In my previous blog, I explained the importance of having a plan. Here, I set out two further key principles: get the right people together, and listen to them.
We can be excellent CEOs, managers or advisers, and we can have the best-drilled crisis teams.
But unless those at the coal-face trust that we, their leaders and managers, will listen to their concerns and do something about them, then our employees will not escalate issues upwards until it is too late.
Timely escalation is a function of building trust. This requires that our employees are confident that we will listen and bear them in mind at all times. Otherwise the basis for the relationship between leaders and led is purely transactional. People are then likely to do no more than do what they are paid to do, and will not raise issues, especially if to do with things outside their remit.
In the SAS, as an officer, I could never have passed the rigorous selection process – nor survived subsequently – if I had not listened to the soldiers. They had built up valuable experience over many years. It would have been crazy not to heed their advice – notwithstanding that the responsibility for whatever decision emerged was mine and mine alone. That is the responsibility of leadership.
Indeed, there is a well-known saying in the Army that “if soldiers stop complaining, then you really need to start worrying”. This illustrates the point that lack of complaints likely means that there is no trust that anything will be done in response.
In commercial life, the final resort is often a whistle-blower confidential channel. The culture needs to be right for that to work. At one company where I worked, less than 10 confidential issues were raised in the course of one year – for 20,000 employees.
That showed either that the company ran like clockwork and managers almost always listened to their employees and had their full trust – or that the culture was not right for a confidential channel to work.
Jes Staley, the CEO of Barclays, demonstrated how to dissuade employees from using the confidential channel, by trying to unmask the identity of a whistleblower. Many believe that Jes was lucky not to be sacked as a result.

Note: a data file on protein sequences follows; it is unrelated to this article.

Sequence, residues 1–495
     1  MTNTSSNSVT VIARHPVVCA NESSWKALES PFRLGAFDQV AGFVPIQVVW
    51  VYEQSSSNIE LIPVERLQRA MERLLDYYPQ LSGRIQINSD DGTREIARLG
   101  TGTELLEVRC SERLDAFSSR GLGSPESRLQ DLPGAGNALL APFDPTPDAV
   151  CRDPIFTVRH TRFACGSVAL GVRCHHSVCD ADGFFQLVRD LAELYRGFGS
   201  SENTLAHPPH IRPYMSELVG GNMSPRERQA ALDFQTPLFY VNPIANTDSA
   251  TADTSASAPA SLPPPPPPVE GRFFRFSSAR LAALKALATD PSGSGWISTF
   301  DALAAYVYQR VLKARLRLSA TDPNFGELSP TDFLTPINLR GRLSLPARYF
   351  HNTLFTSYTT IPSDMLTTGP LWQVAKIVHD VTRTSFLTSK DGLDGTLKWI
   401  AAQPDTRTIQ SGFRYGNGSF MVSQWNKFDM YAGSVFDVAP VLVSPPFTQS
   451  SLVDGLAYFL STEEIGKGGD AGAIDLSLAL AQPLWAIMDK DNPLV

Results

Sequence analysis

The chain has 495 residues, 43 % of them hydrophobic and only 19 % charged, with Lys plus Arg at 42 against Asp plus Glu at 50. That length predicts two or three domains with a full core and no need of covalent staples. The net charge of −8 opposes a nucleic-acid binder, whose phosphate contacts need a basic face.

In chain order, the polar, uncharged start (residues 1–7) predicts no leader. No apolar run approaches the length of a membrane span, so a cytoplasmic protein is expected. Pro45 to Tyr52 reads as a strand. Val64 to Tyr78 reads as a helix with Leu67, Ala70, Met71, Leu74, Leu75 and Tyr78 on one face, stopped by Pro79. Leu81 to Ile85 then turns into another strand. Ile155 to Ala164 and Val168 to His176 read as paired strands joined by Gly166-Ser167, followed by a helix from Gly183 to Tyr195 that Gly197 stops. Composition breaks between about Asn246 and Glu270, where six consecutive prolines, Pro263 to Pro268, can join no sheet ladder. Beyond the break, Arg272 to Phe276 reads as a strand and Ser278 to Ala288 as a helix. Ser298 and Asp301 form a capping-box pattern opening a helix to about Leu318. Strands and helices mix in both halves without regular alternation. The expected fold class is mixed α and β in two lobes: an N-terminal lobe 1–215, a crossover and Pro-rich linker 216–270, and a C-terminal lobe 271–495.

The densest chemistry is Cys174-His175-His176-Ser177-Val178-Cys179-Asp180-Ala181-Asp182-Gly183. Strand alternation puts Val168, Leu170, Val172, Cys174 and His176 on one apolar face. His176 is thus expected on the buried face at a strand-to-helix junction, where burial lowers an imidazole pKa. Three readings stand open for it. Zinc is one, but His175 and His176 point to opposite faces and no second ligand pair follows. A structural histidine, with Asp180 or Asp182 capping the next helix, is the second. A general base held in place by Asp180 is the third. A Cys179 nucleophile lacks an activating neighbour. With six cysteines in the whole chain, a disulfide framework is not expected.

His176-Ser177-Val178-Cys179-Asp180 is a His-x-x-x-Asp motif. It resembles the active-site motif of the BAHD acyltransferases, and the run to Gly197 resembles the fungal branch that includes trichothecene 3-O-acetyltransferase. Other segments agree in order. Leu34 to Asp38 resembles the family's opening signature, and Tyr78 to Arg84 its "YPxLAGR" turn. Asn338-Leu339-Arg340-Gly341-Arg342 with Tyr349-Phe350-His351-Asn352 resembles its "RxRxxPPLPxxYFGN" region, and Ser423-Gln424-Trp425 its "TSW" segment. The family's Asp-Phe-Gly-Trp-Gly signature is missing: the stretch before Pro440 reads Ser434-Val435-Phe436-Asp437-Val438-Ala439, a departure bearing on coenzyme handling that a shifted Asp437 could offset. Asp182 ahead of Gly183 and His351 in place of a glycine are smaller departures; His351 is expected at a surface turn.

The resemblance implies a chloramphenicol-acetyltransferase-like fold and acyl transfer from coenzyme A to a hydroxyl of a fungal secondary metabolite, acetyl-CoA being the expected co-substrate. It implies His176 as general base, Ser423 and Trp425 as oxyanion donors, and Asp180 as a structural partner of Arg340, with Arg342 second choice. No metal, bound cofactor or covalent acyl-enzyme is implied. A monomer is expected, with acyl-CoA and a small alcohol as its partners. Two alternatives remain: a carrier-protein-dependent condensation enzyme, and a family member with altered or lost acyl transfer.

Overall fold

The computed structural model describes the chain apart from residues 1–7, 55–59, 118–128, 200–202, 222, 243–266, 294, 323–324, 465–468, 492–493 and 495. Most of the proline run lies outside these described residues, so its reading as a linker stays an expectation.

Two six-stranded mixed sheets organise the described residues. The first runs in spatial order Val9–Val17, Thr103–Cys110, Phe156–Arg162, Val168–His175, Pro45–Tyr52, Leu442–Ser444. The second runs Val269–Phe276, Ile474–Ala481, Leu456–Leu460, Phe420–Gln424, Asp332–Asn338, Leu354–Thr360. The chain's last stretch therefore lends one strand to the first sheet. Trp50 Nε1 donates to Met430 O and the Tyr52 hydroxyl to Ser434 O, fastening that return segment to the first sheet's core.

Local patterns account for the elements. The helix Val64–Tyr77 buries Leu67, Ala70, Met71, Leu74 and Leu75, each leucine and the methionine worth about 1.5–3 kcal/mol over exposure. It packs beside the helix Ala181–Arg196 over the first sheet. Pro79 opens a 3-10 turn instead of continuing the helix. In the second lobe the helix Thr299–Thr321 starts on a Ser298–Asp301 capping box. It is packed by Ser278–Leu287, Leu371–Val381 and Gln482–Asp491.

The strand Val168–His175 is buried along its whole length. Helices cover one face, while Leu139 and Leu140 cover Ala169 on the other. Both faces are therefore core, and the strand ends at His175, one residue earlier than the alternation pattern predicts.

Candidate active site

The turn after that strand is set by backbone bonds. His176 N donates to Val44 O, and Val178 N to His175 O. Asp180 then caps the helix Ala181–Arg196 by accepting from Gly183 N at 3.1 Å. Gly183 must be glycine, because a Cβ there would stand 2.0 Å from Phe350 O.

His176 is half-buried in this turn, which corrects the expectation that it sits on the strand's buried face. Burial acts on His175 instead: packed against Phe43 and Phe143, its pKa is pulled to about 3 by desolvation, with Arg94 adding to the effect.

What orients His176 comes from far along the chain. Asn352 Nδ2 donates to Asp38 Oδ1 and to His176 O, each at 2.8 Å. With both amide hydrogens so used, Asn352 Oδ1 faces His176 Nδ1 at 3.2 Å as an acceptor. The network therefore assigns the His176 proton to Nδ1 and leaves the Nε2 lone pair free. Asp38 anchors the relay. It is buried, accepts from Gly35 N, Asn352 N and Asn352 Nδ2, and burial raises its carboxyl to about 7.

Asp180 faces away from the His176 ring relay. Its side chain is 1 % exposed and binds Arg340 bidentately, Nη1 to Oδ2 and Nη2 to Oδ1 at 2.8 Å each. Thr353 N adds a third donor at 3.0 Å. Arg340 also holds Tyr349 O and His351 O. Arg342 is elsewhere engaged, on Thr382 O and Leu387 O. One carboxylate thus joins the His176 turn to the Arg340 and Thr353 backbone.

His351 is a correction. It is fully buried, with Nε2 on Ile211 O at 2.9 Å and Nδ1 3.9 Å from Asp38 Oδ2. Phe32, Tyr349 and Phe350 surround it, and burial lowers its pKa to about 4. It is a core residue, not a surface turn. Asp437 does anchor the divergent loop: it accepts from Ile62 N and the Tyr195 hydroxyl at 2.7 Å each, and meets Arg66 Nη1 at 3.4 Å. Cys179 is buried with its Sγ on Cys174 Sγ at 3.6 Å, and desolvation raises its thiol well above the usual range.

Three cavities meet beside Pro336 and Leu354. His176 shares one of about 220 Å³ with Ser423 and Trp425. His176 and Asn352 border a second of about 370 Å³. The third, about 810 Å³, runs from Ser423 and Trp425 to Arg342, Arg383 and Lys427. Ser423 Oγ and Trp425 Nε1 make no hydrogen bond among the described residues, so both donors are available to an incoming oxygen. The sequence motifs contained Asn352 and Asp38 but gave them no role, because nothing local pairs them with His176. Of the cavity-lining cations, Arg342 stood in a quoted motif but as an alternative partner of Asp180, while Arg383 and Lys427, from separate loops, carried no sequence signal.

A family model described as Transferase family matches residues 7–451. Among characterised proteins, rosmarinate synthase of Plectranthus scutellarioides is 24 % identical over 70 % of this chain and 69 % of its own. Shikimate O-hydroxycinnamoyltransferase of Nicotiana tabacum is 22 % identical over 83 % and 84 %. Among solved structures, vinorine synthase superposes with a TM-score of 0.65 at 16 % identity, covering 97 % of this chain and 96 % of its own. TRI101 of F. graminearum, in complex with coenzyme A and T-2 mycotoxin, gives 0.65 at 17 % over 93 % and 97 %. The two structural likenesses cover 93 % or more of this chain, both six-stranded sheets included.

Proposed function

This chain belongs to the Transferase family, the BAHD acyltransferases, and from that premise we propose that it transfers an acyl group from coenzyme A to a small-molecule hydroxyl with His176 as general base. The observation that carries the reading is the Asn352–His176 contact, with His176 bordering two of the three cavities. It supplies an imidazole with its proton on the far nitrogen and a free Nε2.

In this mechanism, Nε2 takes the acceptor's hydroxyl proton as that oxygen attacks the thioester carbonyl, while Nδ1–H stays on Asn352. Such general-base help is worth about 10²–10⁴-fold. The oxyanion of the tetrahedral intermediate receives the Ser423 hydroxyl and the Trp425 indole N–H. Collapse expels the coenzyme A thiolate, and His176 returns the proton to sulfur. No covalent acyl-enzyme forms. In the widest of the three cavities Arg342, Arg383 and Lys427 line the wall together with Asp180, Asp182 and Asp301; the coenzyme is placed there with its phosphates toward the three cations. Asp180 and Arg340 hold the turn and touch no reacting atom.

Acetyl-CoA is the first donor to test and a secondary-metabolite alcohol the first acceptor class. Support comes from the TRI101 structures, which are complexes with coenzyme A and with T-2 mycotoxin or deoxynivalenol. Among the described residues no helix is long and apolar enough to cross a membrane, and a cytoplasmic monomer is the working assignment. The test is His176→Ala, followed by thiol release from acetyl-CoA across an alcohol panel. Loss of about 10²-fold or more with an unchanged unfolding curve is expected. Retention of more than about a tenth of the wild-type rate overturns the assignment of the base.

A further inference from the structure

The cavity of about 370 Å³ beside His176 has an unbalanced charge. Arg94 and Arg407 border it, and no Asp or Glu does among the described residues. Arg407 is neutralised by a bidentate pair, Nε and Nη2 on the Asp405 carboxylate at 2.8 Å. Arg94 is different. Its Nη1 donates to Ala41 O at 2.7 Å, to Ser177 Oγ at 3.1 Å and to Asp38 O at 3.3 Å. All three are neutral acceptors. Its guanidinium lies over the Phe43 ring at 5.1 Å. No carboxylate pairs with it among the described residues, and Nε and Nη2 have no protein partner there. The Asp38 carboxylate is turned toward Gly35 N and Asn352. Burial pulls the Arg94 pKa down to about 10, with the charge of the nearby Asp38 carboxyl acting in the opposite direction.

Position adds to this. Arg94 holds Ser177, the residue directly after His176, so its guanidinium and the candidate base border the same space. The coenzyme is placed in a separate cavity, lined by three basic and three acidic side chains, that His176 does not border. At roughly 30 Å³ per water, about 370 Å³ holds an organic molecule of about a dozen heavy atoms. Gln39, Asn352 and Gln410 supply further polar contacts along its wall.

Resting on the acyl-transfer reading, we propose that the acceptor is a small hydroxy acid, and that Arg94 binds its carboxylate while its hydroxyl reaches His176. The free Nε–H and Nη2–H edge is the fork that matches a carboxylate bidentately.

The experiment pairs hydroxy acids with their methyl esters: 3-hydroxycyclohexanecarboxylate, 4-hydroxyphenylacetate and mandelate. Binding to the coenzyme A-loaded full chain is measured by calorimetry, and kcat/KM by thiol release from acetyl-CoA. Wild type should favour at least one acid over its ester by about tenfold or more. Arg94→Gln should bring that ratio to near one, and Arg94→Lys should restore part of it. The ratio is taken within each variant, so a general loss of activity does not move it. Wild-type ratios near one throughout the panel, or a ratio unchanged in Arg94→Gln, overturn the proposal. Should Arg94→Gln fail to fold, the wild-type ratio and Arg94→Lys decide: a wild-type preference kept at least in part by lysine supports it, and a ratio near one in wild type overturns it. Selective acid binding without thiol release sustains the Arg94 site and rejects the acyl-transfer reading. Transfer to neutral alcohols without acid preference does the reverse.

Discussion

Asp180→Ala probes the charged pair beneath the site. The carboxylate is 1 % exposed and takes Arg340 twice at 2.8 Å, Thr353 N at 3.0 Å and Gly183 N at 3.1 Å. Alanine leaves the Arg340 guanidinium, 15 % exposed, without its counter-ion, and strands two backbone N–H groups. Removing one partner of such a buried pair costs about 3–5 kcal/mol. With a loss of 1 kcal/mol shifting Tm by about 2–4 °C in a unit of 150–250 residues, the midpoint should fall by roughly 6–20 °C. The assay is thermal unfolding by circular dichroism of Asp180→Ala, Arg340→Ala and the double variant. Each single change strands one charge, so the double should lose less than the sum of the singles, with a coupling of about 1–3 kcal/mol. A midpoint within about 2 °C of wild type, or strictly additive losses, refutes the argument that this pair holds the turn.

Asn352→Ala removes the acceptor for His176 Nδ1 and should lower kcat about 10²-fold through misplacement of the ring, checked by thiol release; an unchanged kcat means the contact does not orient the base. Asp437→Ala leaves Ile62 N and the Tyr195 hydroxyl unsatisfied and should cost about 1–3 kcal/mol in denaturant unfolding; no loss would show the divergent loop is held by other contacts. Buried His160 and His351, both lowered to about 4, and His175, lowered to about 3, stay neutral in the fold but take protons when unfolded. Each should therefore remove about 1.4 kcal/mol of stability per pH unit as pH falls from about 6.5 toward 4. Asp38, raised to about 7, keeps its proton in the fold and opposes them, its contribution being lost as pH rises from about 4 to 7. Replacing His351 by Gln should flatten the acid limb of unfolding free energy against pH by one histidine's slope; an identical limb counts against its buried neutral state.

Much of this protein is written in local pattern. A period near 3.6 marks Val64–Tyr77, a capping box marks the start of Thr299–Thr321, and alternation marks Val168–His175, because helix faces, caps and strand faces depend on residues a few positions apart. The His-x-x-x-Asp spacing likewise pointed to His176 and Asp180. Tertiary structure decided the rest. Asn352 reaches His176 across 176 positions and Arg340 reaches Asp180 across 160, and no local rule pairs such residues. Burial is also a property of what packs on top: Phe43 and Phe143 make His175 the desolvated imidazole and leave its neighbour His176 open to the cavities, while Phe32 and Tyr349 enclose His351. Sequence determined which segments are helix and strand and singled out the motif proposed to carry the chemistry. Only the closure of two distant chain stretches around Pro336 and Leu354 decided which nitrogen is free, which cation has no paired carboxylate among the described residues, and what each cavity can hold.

All those who are not our employees but who are in other ways connected to the business also need to feel that we will listen to them and respect their views. We need to take them into consideration when we make decisions and to explain the basis for those decisions.
My next principle is: ‘get the right people together’.
Handling crises is a team effort. In the aftermath of Deepwater Horizon, Tony Hayward, BP’s CEO, upset US Congress by saying very little in response to their questions. It is plausible that his lawyers had told him to do just that.
But if he had got the right people together from time to time, to discuss the ‘what ifs’, his lawyers would have agreed with his PR people in advance that much more could and should have been said when facing the public – and found a formula for doing so with which the lawyers were happy.
Coming next: positive decision making
John Deverall CBE is a member of the Resilience First board. He leads Deverell Associates (www.deverellassociates.com), helping family offices and their advisers to deal more effectively with risks. His company’s motto is “The Prepared Mind”.
This blog is adapted from ‘The ‘prepared mind’ at a time of crisis’ by John Deverell, taken from the ninth issue of the new The International Family Offices Journal, published by Globe Law and Business. See www.globelawandbusiness.com/journals/the-international-family-offices-journal
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